‘The werewolves mutter, the nighthawks moan,
The raven croaks from the Raven-stone’
(From ‘The Knights Return’ by Charles Kingsley)
(A Tale From Kasapian)
The raven croaked, its distinct sound carrying through the still night air. A shadowy figure made his way through the wild jungle of grass, and then turned along the weedy dirt path, which flanked a little stagnant pool. On one side was the rough ghoulish masonry of a terrace wall where it bent at a crooked angle cloaked by a vast magnolia. Then almost silently he crossed an old broken paved court partly shaded by a trellis draped in dead vines. A loud creak gave heed to the opening of an old wooden door, followed by the hollow sound of footsteps echoing down the hallway.
Violet merges slowly into the purple hues of twilight. The raven flew overhead and perched upon a broken gargoyle. Twilight was now drawing to its end; the cloak of darkness was slowly unfolding as the light vanished. An owl hooted as it swooped down upon its prey, snatching it up into the air. The flapping of bats wings sounded through the caves that were strewn around the hillside. Their echoing inside the hollow hills below filled the night air around the old castle Ravenstone.
The strong winds blew upon the old castle, the doors creaked and hinges squeaked, the sound of the feet of rats pattered around in the now disused rooms. The wind whirled around blowing the cobwebs and creating small clouds of dust as it whirled around and around. It blew through the empty halls and passageways sounding like the howling of some wild animal or a cry of one that was lost without hope. Yet, in the midst of this dismal scene, there remained warmth a feeling not of fear but of safety, a subtle feeling that easily could be chased away, fragile, delicate just like a blossom. This was a strange contrast indeed to anyone who would venture so far as to be traveling these hidden roads at such a time as this.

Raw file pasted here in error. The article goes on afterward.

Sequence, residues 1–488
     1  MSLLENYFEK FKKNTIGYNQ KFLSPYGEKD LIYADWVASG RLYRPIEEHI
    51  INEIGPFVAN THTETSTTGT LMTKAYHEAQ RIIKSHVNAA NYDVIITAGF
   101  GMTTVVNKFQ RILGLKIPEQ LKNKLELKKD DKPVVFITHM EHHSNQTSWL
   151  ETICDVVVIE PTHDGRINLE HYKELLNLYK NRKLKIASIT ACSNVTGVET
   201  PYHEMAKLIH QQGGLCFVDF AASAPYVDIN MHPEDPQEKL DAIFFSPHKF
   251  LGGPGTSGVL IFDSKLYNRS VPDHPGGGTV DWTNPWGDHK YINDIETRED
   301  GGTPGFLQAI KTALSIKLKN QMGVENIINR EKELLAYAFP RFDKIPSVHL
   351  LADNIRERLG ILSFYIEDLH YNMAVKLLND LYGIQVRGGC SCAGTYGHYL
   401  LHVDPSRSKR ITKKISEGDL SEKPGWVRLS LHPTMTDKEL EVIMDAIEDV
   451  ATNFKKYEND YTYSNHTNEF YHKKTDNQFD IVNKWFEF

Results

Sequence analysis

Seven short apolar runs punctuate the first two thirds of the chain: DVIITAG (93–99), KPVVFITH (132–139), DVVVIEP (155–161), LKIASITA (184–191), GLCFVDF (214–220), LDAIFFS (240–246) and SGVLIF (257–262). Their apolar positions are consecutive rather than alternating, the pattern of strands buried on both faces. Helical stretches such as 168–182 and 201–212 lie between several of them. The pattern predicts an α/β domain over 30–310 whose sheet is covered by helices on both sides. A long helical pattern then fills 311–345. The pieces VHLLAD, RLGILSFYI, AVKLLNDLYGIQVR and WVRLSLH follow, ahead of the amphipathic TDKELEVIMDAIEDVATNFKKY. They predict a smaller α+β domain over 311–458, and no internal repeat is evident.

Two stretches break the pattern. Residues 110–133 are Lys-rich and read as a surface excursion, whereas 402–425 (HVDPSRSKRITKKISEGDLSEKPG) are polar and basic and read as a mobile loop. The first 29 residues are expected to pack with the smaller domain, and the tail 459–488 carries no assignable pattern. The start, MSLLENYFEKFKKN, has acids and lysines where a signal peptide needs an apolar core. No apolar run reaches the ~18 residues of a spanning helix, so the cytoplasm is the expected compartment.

In these dark corridors of the old deserted castle deep in the forest, a hooded figure moved quietly toward the winding staircase. Soon he had climbed up to the room high in the turret overlooking the valley below. The moon had risen to its glory its light brought forth the beautiful nightshades covering the valley floor. The air was filled with the sweetness of perfumes; the aroma of many scents from the vast variety of flowers below filled his nostrils. The wind suddenly picked up whirling through the window and twirling in a circle around the sinister figure. Looking up towards the radiant moon Lord Lathier threw back his hood and let out an unearthly howl!
Meanwhile three days earlier two men set off leaving the city by the first light and making quick headway to reach the Forest of Dearth. It was several hours before they reached it, and Sir Robert de Leure was feeling the strain and the heat of the hot burning sun upon him. He glanced at his companion Hawkdeath, he seemed unperturbed by it all, and aye he must be used to such discomfort from all his travels. Hawkdeath glanced at him and their eyes met. Sir Robert felt a little negative due to his discomfort and glanced away.
"You have been very silent my dear friend, does ought trouble you?” Hawkdeath asked.
Sir Robert looked back at him and nodded, “I know you look upon my age and see only the child you used to play with. I am not experienced as you are, although a knight and trained in arms by Sir Robel, yet I do not have the first hand experience you have. I feel inadequate and am not used to the hardships involved. Yet, somehow, the gods are calling me out; I am somehow to fulfil a mission for them. Nathorb the magician instructed me that the gods wished me to venture forth on this quest. Why chose me and not you or one of the others, I know not. There is a treasure of some sort, a gift from the gods within the forest, also though a danger, some untold danger from generations past. I chose you to come with me, for you were dear to my father, he trusted you and spoke well of you. I do not know what will happen in the forests or what I may come upon, but I have full confidence in you Hawkdeath."